Free Culture

Digital Economy Bill Orphan Works, DACS and Murdoch

The end game is now in sight. The Digital Economy Bill is now expected to become law within the next 6 weeks. It introduces orphan works usage rights, which – unless amended, which HMG says it will not – will allow the commercial use of any photograph whose author cannot be identified through a suitably negligent search. That is potentially about 90% of the photos on the internet.

Copyright in photos is essentially going to cease to exist, since there is no ineradicable way of associating ownership details short of plastering your name right across the image. Photographer’s organisations have pressed hard for mandatory attribution to deter orphans being manufactured. Early in the consultation process the IPO accepted the irresistible logic that it was completely unreasonable to permit orphan use without a balancing requirement to not orphan photos in the first place. However, the IPO recognised with dismay that this would mean “taking on Rupert” (Murdoch).

Publishers have a long history of opposing our moral rights. They were responsible for the feeble and unenforceable moral rights clauses in the 1988 Act. They want their branding, not ours, and they want maximum freedom to exploit our IP at minimum cost and inconvenience.

The IPO avoided confrontation with Murdoch, who does have something of a rep for being a vital friend in an election year. The Bill contains no deterrent to the creation of orphans, no penalties for anonymising your work, no requirement for bylines. It is a luncheon voucher for industry hungry for free and cheap content.

So Flickr, Google Images, personal websites, all of it will become commercial publishers’ photolibrary. A fee will have to be deposited with a collecting society in case the owner spots the usage. The author who discovers his work has been used as an orphan can then make a claim and receive a percentage of the peanuts, after the collecting society has had its share, and the government its share. […]

I disagree with this argument for two reasons.

Firstly, the national press in the UK already uses copyrighted photographs that it finds on the internet without permission, pay or attribution. No additional legislation is required to allow this, they’ve already given themselves permission. The problem of unattributed, unpaid exploitation of work is therefore a current one that needs tackling rather than a future one that can be prevented.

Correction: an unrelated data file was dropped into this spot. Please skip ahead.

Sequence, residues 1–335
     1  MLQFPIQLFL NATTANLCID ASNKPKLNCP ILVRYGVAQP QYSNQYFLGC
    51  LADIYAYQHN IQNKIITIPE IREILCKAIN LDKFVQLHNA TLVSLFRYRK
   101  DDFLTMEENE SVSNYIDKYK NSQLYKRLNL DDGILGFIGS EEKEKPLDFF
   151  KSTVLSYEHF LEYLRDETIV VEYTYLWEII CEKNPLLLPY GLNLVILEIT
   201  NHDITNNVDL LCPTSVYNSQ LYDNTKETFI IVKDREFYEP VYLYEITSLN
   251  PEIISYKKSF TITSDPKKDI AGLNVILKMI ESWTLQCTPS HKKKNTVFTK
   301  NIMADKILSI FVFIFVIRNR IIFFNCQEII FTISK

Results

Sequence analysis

Secondly, the best way of tackling this problem is precisely the one that is argued against in the blog post above – the use of a professional  collecting society. I say this because of the example of DACS, the Design and Artists Copyright Society. In 2008 (the most recent year for which figures are available) DACS paid out over 3 million poun to its members that it had recovered for unauthorized use of their work.

DACS has expanded to cover the artists resale right and could easily expand to handle orphan works. It is big enough to take on big business, and it supports the Digital Economy Bill –
“DACS, the Design and Artists Copyright Society, today welcomed the Government’s publication of the Digital Economy Bill, in particular the provisions for the modernisation of the copyright licensing system and access to orphan works.

The bill paves the way for the introduction of extended collective licensing which will make it simpler for visual works to be made available, while ensuring creators’ rights are respected.”

I do not welcome the Digital Economy Bill, due to its illiberal and economically harmful “three strikes” legislation and other detrimental measures. But if the bill is passed then the responses by organizations like DACS to the orphan works measures that it contains will help photographers, illustrators and artists to see their work used without payment or attribution much less, rather than much more.

To be blunt, photographers who are panicking about the orphan works part of the Digital Economy Bill are panicking about not managing and exploiting their rights effectively. Collecting societies are not perfect; they tend to oppose Creative Commons licencing and Fair Use, and they are middlemen. But they provide a service that fits not only the future problem of orphan works legislation but the current problem of a mass media that simply doesn’t care about photographers rights.

This may be a rude awakening for some photographers. This is also an opportunity to address not just future issues but current injustice as well. The photographic community should seize it, whether or not the Digital Economy Bill becomes law.